NC Healthy Schools focuses on improving the health of students and staff by providing coordination and resources within the context of the Whole School, Whole Community, Whole Child (WSCC) model.
In the spring of every odd-numbered year, NC Healthy Schools implements a statewide Youth Risk Behavior Survey (YRBS). The NC YRBS helps assess behaviors in youth that impact their health now and in the future. Topics include violence, personal safety, physical activity, nutrition, mental health, tobacco, drugs and alcohol, protective factors and sexual behavior questions (for high school students only).
The North Carolina Disease Event Tracking and Epidemiologic Collection Tool (NC DETECT) is North Carolina’s statewide syndromic surveillance system. NC DETECT was created by the North Carolina Division of Public Health (NC DPH) in 2004 in collaboration with the Carolina Center for Health Informatics (CCHI) in the UNC Department of Emergency Medicine to address the need for early event detection and timely public health surveillance in North Carolina using a variety of secondary data sources.
School Report Cards are provided for all public, charter, and alternative schools in operation during the 2014-15 school year here. District information is also included.
The Data and Statistics section provides information about the “how” and “why” public school data are collected and links to required reports. Additionally, this site provides a master schedule of all recurring annual data collections and reporting required by the North Carolina Department of Public Instruction.
The High-Intensity Drug Trafficking Area Program (HIDTA) is an important component of the President’s National Drug Control Strategy which provides additional federal resources to those areas to help eliminate or reduce drug trafficking and its harmful consequences. Click here to learn more.
The Substance Abuse and Mental Health Services Administration (SAMHSA) is the agency within the U.S. Department of Health and Human Services that leads public health efforts to advance the behavioral health of the nation. SAMHSA’s mission is to reduce the impact of substance abuse and mental illness on America’s communities. Click here to learn more.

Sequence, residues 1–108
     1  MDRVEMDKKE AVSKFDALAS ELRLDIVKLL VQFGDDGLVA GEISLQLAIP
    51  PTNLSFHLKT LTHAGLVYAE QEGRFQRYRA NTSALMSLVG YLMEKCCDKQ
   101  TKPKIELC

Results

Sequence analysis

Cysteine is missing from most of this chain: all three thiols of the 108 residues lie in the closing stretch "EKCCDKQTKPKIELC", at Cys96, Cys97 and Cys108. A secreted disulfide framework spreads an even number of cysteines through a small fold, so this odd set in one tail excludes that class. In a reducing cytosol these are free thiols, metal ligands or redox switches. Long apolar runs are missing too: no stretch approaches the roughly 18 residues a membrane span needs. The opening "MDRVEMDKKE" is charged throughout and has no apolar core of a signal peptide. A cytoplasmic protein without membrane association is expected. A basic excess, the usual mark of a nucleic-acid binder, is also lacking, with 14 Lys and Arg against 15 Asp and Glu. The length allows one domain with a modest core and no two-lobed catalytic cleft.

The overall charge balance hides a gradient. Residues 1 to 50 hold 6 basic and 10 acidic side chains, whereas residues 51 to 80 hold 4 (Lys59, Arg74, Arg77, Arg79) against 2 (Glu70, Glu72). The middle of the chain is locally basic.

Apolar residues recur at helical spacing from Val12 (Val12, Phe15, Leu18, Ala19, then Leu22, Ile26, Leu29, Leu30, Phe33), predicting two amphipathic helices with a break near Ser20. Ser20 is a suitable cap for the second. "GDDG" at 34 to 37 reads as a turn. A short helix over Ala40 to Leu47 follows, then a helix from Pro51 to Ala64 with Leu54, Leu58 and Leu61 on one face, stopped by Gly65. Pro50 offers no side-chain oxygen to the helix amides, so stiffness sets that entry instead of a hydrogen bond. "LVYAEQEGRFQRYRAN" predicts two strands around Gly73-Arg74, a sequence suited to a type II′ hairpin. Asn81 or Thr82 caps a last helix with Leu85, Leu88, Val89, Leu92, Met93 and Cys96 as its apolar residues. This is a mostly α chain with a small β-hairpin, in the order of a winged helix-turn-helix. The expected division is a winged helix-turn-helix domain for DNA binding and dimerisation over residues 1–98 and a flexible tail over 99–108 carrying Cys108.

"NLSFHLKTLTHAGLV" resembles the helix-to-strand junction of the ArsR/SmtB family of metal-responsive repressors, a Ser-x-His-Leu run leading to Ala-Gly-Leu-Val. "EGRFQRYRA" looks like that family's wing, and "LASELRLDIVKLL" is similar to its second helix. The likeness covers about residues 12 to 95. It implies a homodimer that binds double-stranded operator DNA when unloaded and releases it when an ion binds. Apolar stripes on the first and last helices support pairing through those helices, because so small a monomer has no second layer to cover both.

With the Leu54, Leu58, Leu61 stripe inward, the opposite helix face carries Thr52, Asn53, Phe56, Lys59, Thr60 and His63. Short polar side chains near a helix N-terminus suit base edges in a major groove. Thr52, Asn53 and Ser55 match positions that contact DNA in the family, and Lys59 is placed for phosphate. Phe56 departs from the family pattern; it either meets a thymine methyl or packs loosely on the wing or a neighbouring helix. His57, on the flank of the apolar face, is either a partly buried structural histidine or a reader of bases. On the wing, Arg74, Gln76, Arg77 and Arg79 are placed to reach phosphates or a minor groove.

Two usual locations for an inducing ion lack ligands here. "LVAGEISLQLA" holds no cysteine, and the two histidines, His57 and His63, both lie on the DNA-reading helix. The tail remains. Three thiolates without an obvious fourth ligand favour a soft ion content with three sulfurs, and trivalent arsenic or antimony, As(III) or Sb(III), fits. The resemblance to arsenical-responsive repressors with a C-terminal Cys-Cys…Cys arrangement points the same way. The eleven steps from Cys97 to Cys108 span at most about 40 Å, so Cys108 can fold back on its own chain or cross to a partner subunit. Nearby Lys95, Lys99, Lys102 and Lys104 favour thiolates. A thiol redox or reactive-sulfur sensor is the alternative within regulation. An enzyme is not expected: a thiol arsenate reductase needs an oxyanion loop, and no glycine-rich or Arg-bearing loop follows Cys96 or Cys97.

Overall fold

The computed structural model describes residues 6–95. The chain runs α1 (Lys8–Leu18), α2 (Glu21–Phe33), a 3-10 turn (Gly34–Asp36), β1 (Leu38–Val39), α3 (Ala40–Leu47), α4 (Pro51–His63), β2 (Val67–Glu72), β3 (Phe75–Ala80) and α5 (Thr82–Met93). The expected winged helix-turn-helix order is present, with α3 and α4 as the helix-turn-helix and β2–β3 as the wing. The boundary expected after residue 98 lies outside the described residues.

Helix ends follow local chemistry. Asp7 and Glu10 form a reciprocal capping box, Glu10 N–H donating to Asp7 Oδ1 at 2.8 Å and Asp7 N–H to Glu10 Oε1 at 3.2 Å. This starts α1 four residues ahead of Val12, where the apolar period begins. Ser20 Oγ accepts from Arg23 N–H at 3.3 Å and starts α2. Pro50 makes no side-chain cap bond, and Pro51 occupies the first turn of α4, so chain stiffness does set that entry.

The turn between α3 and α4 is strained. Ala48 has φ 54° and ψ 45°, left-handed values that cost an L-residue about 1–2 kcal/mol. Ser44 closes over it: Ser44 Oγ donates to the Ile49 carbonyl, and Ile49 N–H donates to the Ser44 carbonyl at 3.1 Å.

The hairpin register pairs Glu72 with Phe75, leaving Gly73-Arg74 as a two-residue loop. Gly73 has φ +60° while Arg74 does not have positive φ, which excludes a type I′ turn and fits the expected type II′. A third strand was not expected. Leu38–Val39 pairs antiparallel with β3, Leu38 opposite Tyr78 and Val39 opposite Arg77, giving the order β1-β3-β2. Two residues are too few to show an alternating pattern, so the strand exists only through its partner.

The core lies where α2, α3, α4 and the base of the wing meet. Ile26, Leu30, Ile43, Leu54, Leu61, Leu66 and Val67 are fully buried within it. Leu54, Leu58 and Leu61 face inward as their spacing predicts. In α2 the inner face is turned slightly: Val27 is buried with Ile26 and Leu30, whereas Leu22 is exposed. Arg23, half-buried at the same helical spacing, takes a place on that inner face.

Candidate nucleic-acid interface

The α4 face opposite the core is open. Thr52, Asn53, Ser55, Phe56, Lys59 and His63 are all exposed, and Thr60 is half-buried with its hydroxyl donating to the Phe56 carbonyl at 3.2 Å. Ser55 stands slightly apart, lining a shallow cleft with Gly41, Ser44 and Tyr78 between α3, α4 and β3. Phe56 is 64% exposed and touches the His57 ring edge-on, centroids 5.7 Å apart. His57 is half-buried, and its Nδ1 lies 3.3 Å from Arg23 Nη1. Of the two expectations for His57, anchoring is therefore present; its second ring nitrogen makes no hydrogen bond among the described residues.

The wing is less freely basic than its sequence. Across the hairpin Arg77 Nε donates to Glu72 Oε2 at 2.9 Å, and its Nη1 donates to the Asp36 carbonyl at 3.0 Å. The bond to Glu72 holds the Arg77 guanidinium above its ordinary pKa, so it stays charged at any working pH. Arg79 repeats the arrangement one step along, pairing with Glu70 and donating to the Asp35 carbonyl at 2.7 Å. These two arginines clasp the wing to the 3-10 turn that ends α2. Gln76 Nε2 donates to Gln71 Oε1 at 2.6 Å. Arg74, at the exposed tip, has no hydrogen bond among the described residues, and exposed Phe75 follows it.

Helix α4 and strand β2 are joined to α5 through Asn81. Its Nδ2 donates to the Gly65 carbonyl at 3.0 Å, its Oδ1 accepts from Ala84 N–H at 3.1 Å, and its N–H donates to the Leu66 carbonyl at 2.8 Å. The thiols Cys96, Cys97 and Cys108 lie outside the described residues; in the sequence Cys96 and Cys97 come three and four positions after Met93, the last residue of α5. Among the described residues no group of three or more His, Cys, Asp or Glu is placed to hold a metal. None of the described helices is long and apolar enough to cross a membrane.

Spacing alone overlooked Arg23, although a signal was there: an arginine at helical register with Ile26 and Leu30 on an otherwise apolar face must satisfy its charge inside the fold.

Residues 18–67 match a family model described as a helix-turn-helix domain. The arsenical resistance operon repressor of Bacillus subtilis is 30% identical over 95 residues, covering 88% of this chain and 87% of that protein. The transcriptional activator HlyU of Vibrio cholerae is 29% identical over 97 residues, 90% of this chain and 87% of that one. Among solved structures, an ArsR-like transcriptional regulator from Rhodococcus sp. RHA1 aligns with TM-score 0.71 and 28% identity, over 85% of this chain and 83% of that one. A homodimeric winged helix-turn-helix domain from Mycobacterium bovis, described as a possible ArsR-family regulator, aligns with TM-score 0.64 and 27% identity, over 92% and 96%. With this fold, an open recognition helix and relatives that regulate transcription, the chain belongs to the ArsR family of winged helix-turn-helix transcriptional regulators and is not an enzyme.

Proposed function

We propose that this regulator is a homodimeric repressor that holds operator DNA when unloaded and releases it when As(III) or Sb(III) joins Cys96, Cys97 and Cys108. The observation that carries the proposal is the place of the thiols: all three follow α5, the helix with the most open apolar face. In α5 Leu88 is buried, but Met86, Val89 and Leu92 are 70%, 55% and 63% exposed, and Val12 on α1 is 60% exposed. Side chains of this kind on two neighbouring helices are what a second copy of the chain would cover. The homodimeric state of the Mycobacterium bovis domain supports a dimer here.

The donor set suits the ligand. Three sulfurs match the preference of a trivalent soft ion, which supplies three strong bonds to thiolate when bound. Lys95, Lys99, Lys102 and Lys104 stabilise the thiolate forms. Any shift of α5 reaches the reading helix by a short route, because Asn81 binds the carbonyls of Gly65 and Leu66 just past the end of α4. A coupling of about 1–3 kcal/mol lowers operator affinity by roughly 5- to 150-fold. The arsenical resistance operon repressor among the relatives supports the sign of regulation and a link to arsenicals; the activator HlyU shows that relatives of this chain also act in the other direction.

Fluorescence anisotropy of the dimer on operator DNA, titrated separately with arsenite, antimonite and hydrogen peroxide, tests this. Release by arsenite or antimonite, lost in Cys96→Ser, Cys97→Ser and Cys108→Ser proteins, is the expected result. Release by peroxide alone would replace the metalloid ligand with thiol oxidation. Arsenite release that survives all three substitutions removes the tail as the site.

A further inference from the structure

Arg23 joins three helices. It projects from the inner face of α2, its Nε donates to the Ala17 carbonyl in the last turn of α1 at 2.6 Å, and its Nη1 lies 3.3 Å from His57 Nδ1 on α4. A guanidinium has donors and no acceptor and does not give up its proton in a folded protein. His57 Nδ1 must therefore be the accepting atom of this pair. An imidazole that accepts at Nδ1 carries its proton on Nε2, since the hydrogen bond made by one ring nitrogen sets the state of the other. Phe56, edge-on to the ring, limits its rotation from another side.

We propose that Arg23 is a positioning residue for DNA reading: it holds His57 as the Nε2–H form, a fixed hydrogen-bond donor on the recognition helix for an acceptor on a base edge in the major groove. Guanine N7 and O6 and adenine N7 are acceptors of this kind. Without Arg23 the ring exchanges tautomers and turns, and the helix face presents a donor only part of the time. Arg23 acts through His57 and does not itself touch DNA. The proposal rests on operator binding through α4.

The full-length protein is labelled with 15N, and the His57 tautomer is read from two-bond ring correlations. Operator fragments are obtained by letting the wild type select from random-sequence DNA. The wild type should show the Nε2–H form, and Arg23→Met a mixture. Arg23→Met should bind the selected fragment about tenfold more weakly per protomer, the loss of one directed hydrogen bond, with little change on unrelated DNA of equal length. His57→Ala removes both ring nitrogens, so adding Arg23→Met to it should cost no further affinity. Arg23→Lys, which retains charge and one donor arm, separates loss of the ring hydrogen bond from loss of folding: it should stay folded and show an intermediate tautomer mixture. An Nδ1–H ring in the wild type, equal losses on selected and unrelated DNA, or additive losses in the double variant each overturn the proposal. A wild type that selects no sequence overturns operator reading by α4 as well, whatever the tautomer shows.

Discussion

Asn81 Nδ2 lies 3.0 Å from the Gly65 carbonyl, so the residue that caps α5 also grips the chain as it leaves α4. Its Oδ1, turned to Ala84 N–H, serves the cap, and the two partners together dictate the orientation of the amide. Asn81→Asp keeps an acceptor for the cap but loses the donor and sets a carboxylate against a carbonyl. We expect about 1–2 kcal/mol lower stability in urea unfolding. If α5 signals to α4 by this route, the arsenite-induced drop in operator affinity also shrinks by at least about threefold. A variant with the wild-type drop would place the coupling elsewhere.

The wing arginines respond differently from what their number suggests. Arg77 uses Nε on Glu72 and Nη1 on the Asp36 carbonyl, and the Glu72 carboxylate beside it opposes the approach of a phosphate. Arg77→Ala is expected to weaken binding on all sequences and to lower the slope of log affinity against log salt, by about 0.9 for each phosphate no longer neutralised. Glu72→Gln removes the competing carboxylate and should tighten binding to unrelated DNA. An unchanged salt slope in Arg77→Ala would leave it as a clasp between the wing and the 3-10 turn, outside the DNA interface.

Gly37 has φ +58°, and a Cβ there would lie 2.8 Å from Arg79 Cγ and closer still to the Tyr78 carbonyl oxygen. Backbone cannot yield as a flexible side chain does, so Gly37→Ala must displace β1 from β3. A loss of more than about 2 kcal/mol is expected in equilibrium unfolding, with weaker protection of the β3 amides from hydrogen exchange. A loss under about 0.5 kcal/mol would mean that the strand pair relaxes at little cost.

This national report summarizes key findings from the 2015 National Survey on Drug Use and Health (NSDUH) for indicators of substance use and mental health among people aged 12 years old or older in the civilian, noninstitutionalized population of the United States. Click here to view the report.
The National Survey on Drug Use and Health (NSDUH) is the primary source of information on the prevalence, patterns, and consequences of alcohol, tobacco, and illegal drug use and abuse and mental disorders in the U.S. civilian, non-institutionalized population, age 12 and older. The survey generates estimates at the National, state, and substate levels.
The Substance Abuse and Mental Health Services Administration (SAMHSA) and RTI International are proud to launch the redesigned SAMHDA website with new designs, streamlined menus, and simplified navigation. They want to offer their users an easy way to get to the data they need for their analyses.
Trust for America’s Health (TFAH) is a non-profit, non-partisan organization dedicated to saving lives by protecting the health of every community and working to make disease prevention a national priority. Click here to learn more.
This site contains information regarding key health indicators, public health preparedness, and public health funding indicators.